Translation:She has four older sisters.
When using the counter 人 it is read as にん (except for one and two where 一人 is read as ひとり and 二人 is read as ふたり respectively).
四人 then would be read as よにん. Here 四 is read as よ instead of よん.
So, what you're actually hearing is "Yo nin" and the last "i" belongs to "imasu". :)
I am curious about the pronunciation of 人 here. With lower numbers e.g. 二人 it's spoken futari as a special number. When we talk about a person's nationality e.g. 日本人 it's pronounced jin. But in 四人 it is nin. How do I know when it is "jin" and when it is "nin"? Is "nin" only for counting? Are 一人 and 二人 the only special cases and all higher numbers of people use "nin"?
Welcome to the fabulous world of kanji readings. ;) Well, in this case (jin versus nin), my answer would be: you have to know! And as Stephanie290249 said, you are right about the first two numerals’ being irregular; you have a chart summing this up in unit Home, along with some other counters.
Me too! I’ve started taking screenshots, it’s incredibly frustrating. For me it’s only the listening ones, I’ve noticed with those they don’t like answers with kanji except for the numbers/counters. かれ／彼 and かのじょ/彼女 however are hit or miss so I can never guess which to use because sometimes they want the kana and sometimes the kanji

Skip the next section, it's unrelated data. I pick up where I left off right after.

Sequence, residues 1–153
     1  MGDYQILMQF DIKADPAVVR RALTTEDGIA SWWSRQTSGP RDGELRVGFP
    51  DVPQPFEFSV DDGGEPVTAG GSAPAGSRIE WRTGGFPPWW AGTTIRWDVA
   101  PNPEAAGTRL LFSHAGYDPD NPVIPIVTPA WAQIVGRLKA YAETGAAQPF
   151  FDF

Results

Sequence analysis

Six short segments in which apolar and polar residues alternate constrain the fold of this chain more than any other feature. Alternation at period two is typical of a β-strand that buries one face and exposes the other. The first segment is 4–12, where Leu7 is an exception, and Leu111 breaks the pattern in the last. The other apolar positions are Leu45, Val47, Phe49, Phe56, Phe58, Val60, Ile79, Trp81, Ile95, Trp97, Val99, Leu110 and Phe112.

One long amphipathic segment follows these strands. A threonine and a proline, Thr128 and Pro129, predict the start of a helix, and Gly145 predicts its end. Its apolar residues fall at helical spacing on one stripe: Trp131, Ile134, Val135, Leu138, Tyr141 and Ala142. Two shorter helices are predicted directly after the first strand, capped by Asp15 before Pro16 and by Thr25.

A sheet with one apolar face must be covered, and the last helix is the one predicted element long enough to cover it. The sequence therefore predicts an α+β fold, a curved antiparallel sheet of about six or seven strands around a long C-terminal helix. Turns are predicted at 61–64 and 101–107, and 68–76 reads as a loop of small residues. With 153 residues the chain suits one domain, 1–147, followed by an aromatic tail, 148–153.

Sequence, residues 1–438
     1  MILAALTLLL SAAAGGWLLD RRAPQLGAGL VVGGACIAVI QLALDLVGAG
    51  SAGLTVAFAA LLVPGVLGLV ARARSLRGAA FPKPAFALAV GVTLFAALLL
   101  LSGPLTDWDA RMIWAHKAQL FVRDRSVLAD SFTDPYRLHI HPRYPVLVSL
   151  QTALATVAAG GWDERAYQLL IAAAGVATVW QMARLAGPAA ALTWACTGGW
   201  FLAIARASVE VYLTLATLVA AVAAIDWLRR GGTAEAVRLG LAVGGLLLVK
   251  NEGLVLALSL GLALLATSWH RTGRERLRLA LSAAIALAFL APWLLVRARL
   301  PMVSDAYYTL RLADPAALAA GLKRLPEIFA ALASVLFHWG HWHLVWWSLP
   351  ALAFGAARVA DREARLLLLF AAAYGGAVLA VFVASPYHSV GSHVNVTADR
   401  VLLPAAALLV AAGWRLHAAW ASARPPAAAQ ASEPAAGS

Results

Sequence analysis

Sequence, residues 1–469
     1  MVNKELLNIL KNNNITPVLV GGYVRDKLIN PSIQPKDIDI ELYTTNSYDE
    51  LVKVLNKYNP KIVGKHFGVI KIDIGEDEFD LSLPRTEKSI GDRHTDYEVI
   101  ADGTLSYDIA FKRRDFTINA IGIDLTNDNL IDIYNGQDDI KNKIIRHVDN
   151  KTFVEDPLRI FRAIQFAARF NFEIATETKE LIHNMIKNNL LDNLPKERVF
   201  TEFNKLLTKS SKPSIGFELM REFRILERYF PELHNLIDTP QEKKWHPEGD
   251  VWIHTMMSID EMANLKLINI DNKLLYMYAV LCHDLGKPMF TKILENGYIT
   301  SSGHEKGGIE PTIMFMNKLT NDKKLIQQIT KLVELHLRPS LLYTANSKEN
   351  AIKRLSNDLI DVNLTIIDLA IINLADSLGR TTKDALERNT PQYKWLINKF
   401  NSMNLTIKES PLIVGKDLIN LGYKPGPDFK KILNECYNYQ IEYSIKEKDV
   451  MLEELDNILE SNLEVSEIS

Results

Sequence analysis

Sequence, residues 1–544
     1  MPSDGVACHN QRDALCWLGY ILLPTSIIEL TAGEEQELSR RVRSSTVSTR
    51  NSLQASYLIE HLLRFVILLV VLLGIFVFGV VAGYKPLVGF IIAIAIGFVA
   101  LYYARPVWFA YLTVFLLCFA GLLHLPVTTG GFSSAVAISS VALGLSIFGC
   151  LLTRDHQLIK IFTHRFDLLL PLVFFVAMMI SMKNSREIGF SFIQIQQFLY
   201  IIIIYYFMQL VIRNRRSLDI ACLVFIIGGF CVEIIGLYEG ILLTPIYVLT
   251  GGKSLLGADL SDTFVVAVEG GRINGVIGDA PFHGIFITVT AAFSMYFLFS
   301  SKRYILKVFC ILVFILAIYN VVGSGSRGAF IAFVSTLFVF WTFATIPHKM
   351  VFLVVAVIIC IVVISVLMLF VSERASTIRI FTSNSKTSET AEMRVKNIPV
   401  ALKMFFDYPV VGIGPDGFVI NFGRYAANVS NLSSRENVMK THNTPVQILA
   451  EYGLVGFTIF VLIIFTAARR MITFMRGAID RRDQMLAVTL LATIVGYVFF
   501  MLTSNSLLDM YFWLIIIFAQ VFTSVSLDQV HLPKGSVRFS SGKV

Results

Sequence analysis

I would recommend to stop thinking about subject in japanese, the grammatically subject in english and what's considered a "do-er or be-er" in japanese work differently.
Instead think about the most primitive structure of japanese [do-er/be-er+が+predicate] and the function of the topic marker. Think of what you want to say and what it means.
Let's clear the particles then, は is used to mark a topic, and a topic is something that is already known by the listener and the speaker, and it's only something you want to say something about it.. When you see は in japanese you mind should instinctively go into "what about it?", what is important is what the speaker is saying about the topic not the topic itself, は then throws the focus into the other part of the sentence.
が however is an identifier of something new or interesting, or something that the listener should pay attention to, you brain should always go into thinking that anything marked with が has an emphasis.
So now that we kinda understand both particles lets create the sentence. You want to say "She has four older sisters", what's the topic? the topic is what you want to talk about it or what you want to say something about, the topic is "she" because "she" is not important, what's important is what you wanna say about her, and what is that interesting information you want to say? that's the number of sisters she has, the "be-er" is marked with が, this is "older sisters", there are four of them.
as for her(は), she has four older sisters(が) or「彼女はお姉さんが4人います」